The Bay Village Neighborhood Association (BVNA) held their annual meeting at the Revere Hotel on Oct. 30. Over 50 members and neighbors gathered for hors d’oeuvres, desserts, and cocktails before listening to updates from the Executive Committee about happenings and milestones over this past year.
“It’s been a really fun year,” said BVNA President Bethany Patten. She thanked the other members for all of their hard work over the year, especially former president Sarah Herlihy for showing her the ropes and being a mentor to her throughout her first year as president.
Patten said that the city is changing, with a number of growing trends towards urban living. She said that there are three times the number of Ubers on the streets than there were in 2013 as well as more residential units being built, and “being part of a neighborhood association is a way of engaging in those topics.”
Rep. Aaron Michlewitz spoke about happenings at the State House, especially what’s going on with the short-term rental legislation, as that is an important issue in the Bay Village neighborhood. Michlewitz said they’re at the “one-yard line”—the bill has been passed, and the House and Senate agreed to parameters around taxation and legislation.
However, Gov. Charlie Baker sent the bill back with “four amendments packaged into one,” Michlewitz said. He said that since they are now in informal session, nothing can pass unless everyone agrees—both Democrats and Republicans. He added that they are negotiating with the governor about how to get this passed by the end of the year.
“We have a lot of work to do still; we have a long way to go,” he said. “I need my constituents to be active, to be vocal, telling me exactly what you want me to hear.”
Michlewitz encouraged those in attendance to attend his coffee hour on Nov. 3 at Berkeley Park in the South End.
Dan Moll gave an update on public safety in Bay Village over the past year. He said that 275 crimes happened in Bay Village, but “Part One crimes for our district were down by four incidents,” he said. He said they have been focused on the “problem property” on Cortes Street. They have communicated with the property management people for that building to improve the situation.
Another big problem in Bay Village is graffiti, Moll said. “About 91 percent of graffiti that has been reported has been removed,” he said. He added that they are working with the city on removing the rest. Heading into next year, he said that they hope to reduce petty theft and car break-ins, as well as put security cameras up throughout the neighborhood with the help of developers.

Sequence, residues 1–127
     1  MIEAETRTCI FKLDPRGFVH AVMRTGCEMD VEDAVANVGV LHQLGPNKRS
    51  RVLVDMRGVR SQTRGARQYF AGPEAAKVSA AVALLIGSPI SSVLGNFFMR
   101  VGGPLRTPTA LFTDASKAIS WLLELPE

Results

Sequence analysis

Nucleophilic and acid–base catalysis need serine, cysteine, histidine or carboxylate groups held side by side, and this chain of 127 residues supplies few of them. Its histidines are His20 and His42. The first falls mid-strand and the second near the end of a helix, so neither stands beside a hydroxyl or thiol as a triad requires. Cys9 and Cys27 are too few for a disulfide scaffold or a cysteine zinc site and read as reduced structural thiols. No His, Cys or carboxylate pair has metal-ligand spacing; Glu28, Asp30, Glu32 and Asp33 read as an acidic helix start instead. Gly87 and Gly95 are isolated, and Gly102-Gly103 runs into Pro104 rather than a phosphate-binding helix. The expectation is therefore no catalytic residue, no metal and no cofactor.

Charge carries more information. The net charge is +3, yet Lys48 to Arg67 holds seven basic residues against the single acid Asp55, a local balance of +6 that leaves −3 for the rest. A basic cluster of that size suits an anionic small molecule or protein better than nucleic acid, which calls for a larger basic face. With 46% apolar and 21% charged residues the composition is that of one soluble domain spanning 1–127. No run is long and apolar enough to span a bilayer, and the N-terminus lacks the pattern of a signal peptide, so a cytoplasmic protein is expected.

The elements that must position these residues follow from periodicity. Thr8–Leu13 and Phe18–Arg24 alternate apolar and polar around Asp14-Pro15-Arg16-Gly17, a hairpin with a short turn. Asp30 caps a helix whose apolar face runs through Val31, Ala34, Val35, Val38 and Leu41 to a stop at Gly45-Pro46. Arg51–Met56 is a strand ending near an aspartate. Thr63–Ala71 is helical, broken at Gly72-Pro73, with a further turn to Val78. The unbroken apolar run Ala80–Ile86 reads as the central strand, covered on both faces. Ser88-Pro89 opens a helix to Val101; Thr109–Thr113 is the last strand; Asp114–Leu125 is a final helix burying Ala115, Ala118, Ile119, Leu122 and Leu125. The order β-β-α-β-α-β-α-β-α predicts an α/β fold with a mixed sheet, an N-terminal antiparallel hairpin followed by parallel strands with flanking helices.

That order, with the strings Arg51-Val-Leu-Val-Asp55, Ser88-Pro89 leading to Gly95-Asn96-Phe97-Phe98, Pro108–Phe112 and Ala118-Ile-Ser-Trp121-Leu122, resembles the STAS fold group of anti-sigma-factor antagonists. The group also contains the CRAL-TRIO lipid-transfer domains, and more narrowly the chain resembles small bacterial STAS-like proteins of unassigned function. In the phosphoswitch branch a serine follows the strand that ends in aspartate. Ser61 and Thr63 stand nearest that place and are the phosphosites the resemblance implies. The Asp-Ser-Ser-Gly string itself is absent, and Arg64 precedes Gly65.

Patten added that the Boston Police Department has been “very responsive” to concerns of the neighborhood, and she is “really impressed with their engagement.”
Ben Beck gave the Planning Committee update, and listed off properties that have been approved, are under construction, or are on the horizon. There are quite a few projects going on Isabella Street. “That whole street is going to be transformed, which is cool and well needed,” Beck said. The focus for next year will be on the Motor Mart Garage project, which BVNA hopes to work with the developer on to negotiate how it will impact the neighborhood, as well as 67-69 Church St. and the Isabella St. church project.
Patten said this year has been a quiet one on the licensing front, with the neighborhood association opposing a proposal for bottle service for the W Hotel on Stuart Street, as well as opposing an increase in occupancy for a lodging house on Berkely Street due to worries that it could be converted into an Airbnb in the future.
Sen. Joseph Boncore also attended the meeting, and praised the level of engagement he sees when he comes to meetings in Bay Village. “When we have Impact Advisory Groups, there are always people who want to be a part of it,” he said.
“There’s a lot going on on Beacon Hill,” he added. “I get a lot of calls on issues.” He also reminded everyone to vote, saying “I can’t tell you how important it is at the federal level.”
Joe Kuranda from the BVNA Parks/Public Spaces Committee said they have received funding approval to redo the Isabella Street Park. “Green spaces go so far for our neighborhoods,” he said.
Nancy Morrisroe from City Services gave an update on the rat problem, reminding everyone that the city can only bait public property, so anyone who sees rat burrows should report it, so “we can stay on top of the rat problem.”
City Councilor At-Large Anissa Essaibi-George provided remarks about her work on the education committee, as well as on the Committee on Homelessness, Mental Health, and Recovery, before everyone moved back to the vestibule to mingle with snacks and drinks once more to celebrate another successful year of the BVNA.